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VUELTA win narrowly eludes Australian sprinter, writs JOHN TREVORROW:

GREAT Dane Magnus Corte won his fifth Vuelta stage and his second this year after a brilliant late ambush by EF Education Nippo teammate Belgian Jens Keukeleire on stage 12.

What made it even more impressive was that Cort had been in the day-long breakaway the previous stage and almost held off a charging Primoz Roglic on the gut-wrenching final climb.

Australian Michael Matthews found himself frustratingly close to his first win of the season but was foiled by a late Aussie attack and then ambushed by two former teammates. Bike Exchange found themselves on the front too early chasing down Aussie Jay Vine (Alpecin Fenix), the last man standing from a late four-man breakaway and then former GreenEdge teammates Corte and Keukeliere ambushed their former teammate in the final few hundred metres.  

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Vine was magnificent. As the original breakaway was closed down on the final 10 km cat 2 climb, he joined a new attack and found himself in solid company with Colombian Sergio Henao (Qhubeka NextHash), Frenchman Romain Bardet (Team DSM) and Italian Giulio Ciccone (Team Trek Segafredo). They opened a small gap on the steep climb and and on the fast descent back into Córdoba.

The four never got more than 30 seconds from the peloton being led by BikeExchange and UAE Team Emirates and it was the young Aussie, who only joined the pro peloton by winning a stationary bike competition, who rode clear in the final couple of kilometres.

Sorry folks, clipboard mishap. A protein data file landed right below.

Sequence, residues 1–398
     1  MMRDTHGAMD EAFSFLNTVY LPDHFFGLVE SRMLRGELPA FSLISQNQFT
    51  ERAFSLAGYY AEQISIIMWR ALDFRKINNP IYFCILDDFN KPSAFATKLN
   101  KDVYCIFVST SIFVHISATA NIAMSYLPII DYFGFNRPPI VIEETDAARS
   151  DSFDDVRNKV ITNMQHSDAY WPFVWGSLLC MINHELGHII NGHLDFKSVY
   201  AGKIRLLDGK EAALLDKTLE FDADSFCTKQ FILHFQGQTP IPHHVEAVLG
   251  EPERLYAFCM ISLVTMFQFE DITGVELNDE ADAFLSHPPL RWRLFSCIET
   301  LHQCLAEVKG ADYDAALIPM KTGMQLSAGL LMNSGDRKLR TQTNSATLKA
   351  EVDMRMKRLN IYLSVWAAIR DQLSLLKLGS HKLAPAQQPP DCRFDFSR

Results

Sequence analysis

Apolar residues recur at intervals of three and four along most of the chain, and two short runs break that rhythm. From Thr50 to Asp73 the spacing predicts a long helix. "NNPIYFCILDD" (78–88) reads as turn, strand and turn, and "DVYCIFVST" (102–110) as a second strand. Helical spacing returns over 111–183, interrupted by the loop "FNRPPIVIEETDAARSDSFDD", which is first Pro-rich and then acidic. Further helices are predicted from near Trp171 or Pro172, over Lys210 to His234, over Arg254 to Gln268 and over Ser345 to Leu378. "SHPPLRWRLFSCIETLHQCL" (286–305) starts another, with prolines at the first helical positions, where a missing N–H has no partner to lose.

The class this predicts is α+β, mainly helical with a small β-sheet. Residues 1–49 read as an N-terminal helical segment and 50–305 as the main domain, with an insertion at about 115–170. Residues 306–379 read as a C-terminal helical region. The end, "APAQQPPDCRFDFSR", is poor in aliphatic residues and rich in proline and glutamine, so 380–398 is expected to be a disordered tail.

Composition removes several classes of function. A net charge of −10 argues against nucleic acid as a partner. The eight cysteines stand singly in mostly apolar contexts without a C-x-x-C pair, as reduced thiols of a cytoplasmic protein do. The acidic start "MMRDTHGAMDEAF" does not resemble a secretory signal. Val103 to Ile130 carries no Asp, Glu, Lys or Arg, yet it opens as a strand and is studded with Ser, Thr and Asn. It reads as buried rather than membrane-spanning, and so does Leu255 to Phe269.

With the fast pace set in the latter parts of the day and temperatures touching on 40 degrees, there weren’t many teams able to contribute and this is when it becomes a bit of a poker game. I thought Team BikeExchange played their hand a bit early and found themselves on the front about six kilometres to go. With five teammates in front of him Matthews was looking good, but his team had done a power of work earlier in the stage to bring back the original breakaway and it meant trusty lead-out man Luka Mezgez had to hit the front with still 700 metres to go. As Mezgez caught Vine about 500 metres out, Keukeleire roared past with Corte and Italian Andrea Bagioli (Deceuninck-QuickStep) tucked in behind. They gapped Matthews who hesitated for a split second hoping Mezgez could grab the wheel, but he was done. Matthews could not close the small gap and that was it. Third in a stage for the second time is OK but not what they desperately wanted.

“After yesterday, today was always going to be difficult,” an obviously drained and disappointed Matthews said at the finish, “But it all came together in the final. I had been struggling on the climbs and had to grit my teeth to be there,” Matthews added.”Clearly today was a disappointing day for us but the team was really good, they threw everything at it,” Team Bike Exchange Sports Director Julian Dean said.

Norwegian Odd Christian Eiking (Intermarché-Wanty-Gobert Matériaux) finished safely in the reduced peloton to retain the overall lead with Primož Roglič (Jumbo-Visma) having survived another scare when he crashed again, this time on a climb, but managed to escape injury. 


Author: John Trevorrow

JOHN TREVORROW is a multiple Australian champion road racer and Olympian who has been doing media commentary at the Tour de France for more than 20 years.



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